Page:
Thursday, January 28, 2016

Zionsville Will Get New Town Hall The Same Way Westfield Got Its Grand Park Soccer Arena

So much for the state law requiring units of local government to conduct a public referendum and allow voters to decide when government wants to borrow money and pledge tax revenues to build new buildings. Zionsville, like Westfield's grandiose decision to build an indoor soccer arena at Grand Park in a sweetheart deal with a politically-connected developer, will do the same thing to build a new town hall. Westfield turned to Holladay Properties to build its indoor soccer arena and lease it back to the city for 25 years at a cost of $53 million before taxpayers will take ownership of the facility that cost about $25 million to build. Zionsville is turning to the politically-connected Keystone Realty Group owned by Indy Eleven owner Ersal Ozdemir, to get its new town hall.

When Zionsville officials first started talking about plans for a new city hall, the building cost was estimated to be about $6.5 million. Now that they're closing to inking the deal, those costs have grown to $10.2 million. As Barnes & Thornburg's Bruce Donaldson explained the financing of the new town hall to town council members, "It would be sort of like if you bought a house on contract from a seller." What this deal actually involves is a build, operate and transfer agreement, which is governed by Indiana's Public-Private Agreements Act. That law requires these opportunities to be publicly bid through an RFP process. I've seen no mention of an RFP process that led to the selection of Ozdemir's Keystone Realty Group. But, hey, since when does a silly law get in the way when it's time to reward someone who has been very generous in contributing campaign dollars to the politicians? Keystone is also a client of Donaldson's law firm, but I'm sure the interim mayor/town council member, who is also a former partner of the same law firm, is aware of that.

A financial adviser at Crowe Horwath, Angie Steeno, told town council members the plan is to make biannual $284,572 payments to Keystone Realty Group, or about $570,000 annually. The funds, of course, weren't included in the town's 2016 budget. No problem, the town will tap county option income tax revenue, food and beverage tax receipts, its cumulative capital development and its TIF funds to piece together money for the payments. So at the end of the day a town hall that was originally going to cost about $6.5 million to build will in all likelihood cost at least $20 million. I suspect there's other payments beyond the lease payments that will accrue to Keystone Realty Group's benefit for operating and managing the building, but those details aren't mentioned in the Current In Zionsville report.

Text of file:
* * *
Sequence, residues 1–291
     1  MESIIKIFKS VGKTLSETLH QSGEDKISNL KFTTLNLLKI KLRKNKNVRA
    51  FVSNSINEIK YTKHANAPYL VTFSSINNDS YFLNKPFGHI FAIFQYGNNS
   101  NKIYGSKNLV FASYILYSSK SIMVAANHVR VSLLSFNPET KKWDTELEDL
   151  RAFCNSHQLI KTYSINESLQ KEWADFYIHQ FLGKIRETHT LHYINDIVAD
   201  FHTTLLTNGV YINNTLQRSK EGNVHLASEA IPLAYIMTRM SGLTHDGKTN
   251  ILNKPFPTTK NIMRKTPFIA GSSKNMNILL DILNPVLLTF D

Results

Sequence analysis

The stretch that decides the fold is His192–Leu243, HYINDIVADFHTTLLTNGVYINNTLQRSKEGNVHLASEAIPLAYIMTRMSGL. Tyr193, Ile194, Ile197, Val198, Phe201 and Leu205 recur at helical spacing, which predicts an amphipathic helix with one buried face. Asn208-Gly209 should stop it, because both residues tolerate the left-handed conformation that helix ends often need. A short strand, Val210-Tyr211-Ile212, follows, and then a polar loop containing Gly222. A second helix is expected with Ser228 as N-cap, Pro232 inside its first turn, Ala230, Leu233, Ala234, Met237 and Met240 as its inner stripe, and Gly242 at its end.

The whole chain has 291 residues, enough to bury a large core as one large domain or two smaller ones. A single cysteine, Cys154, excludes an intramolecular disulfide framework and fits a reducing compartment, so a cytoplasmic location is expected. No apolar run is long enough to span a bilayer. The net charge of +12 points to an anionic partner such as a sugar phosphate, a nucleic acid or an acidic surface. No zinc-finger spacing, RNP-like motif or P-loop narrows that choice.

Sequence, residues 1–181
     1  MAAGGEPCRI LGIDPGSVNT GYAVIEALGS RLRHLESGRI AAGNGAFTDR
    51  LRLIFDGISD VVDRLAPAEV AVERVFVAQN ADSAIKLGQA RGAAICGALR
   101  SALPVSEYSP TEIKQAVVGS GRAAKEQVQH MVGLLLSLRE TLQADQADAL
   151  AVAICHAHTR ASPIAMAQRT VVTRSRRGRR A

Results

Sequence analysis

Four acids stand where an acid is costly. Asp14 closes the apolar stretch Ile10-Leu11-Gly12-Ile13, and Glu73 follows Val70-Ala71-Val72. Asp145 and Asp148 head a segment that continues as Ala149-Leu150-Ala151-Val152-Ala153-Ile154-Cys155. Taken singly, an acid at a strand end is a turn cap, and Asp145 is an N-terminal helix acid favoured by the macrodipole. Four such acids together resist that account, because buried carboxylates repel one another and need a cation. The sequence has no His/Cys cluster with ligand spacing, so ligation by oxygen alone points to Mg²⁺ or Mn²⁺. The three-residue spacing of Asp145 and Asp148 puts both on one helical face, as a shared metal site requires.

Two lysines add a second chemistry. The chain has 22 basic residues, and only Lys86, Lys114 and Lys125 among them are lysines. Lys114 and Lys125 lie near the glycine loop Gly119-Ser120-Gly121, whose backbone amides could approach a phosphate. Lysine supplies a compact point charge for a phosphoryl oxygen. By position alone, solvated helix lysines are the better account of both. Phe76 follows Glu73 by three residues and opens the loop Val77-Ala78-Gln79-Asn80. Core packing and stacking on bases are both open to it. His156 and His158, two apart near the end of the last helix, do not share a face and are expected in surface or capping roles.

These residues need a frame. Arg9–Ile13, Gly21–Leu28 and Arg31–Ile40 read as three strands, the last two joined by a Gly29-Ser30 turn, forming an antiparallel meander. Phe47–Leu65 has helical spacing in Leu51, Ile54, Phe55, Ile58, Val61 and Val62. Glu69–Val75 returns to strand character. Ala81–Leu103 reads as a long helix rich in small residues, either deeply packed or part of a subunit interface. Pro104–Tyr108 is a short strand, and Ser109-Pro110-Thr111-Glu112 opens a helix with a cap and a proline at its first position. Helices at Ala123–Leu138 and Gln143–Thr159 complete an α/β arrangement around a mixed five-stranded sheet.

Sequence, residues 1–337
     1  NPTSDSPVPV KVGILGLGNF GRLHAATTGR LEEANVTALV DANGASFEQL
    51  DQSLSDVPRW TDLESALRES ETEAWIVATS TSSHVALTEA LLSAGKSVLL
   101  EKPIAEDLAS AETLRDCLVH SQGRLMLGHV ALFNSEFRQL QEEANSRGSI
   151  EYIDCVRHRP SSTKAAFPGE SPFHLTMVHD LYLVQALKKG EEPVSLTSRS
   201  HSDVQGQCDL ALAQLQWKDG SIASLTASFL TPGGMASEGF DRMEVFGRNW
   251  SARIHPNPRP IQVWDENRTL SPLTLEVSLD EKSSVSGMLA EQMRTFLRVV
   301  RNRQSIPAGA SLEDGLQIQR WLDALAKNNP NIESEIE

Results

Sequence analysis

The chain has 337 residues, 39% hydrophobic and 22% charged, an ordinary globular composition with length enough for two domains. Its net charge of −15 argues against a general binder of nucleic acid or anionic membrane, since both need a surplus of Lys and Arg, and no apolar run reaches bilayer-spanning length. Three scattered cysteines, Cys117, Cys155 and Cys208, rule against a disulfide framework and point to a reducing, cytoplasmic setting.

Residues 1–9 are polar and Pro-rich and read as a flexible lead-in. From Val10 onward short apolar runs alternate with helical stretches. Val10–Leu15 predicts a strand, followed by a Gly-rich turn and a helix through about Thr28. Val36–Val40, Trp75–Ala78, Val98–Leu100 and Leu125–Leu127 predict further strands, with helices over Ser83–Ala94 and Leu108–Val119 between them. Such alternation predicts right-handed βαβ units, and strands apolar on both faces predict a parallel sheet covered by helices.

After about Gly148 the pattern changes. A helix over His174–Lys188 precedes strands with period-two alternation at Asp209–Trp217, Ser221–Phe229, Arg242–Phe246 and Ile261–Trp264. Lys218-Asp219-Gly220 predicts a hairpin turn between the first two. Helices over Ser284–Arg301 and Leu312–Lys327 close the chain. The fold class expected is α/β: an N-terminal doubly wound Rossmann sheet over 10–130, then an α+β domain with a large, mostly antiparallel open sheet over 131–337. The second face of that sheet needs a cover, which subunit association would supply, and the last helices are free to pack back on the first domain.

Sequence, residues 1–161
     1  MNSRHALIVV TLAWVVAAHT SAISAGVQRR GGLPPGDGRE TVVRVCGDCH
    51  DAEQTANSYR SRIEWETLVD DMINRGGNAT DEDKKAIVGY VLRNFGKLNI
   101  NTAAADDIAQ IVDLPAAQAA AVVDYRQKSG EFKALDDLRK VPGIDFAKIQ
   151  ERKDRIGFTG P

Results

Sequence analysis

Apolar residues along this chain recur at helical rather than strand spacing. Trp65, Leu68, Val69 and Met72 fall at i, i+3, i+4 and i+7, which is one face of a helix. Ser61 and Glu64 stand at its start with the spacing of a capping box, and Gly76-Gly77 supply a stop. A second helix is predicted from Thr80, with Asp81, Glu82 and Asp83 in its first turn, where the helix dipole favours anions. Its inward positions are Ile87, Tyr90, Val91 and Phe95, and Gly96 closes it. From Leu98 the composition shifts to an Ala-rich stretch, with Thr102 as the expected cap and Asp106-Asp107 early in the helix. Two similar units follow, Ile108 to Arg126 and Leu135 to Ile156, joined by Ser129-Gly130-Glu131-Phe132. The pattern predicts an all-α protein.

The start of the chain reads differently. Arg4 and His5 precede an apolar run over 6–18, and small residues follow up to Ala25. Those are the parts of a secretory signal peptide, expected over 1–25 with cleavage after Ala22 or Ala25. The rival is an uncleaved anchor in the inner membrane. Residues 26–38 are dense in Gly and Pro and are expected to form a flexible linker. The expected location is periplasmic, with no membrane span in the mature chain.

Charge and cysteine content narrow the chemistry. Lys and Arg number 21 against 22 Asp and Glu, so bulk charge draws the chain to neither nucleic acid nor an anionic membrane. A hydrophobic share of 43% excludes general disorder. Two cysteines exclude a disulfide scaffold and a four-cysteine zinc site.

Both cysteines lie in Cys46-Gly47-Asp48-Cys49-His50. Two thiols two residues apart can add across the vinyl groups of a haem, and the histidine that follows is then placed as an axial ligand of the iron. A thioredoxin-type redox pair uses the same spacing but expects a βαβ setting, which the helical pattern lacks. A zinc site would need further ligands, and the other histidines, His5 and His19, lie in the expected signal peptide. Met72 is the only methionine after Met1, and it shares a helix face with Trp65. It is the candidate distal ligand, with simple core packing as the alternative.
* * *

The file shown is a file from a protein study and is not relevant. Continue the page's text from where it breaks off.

Anonymous said...

Gary, I saw an article in IBJ recently about this and thought the same thing... where was the RFP? Who else was considered besides Keystone? Has Zionsville actually selected Keystone, or did Keystone approach Zionsville with the alternative procurement proposal? I searched Zionsville's past meeting minutes and agendas and found nothing. A "blank check" resolution is on the town's 2/1 meeting agenda. Zionsville residents ought to be pissed!!!

A big problem with this proposal, aside from the fact that it is a rip off, is they are locked into a deal while their town and its needs continue to rapidly grow and change. How much do you think Keystone will charge them in 5 or 10 years when the town realizes it needs to move some walls or add on?

The 2.75% interest rate is a gimmick. The developer's million dollar plus fees are built into the principal, kind of like buying down your home mortgage rate by paying points. Total price tag for a building that was supposed to cost $7M is now $14M.

Anonymous said...

It sorta looks like business as usual to me. I feel a bit like a broken record but this only works in places with a disengaged electorate. If you're an elected official, you play the envy card (WestfieldCarmelndy has one and we're better than they are or Cincinnati has an NFL team so we should too). After that, it's easy. As the previous commenter noted, you roll outrageous fees into building cost estimates, you reward your incestuous friends and the same fools you played the envy card on write you a blank check. I'd be outraged, but people stupid enough to tolerate this deserve what they get.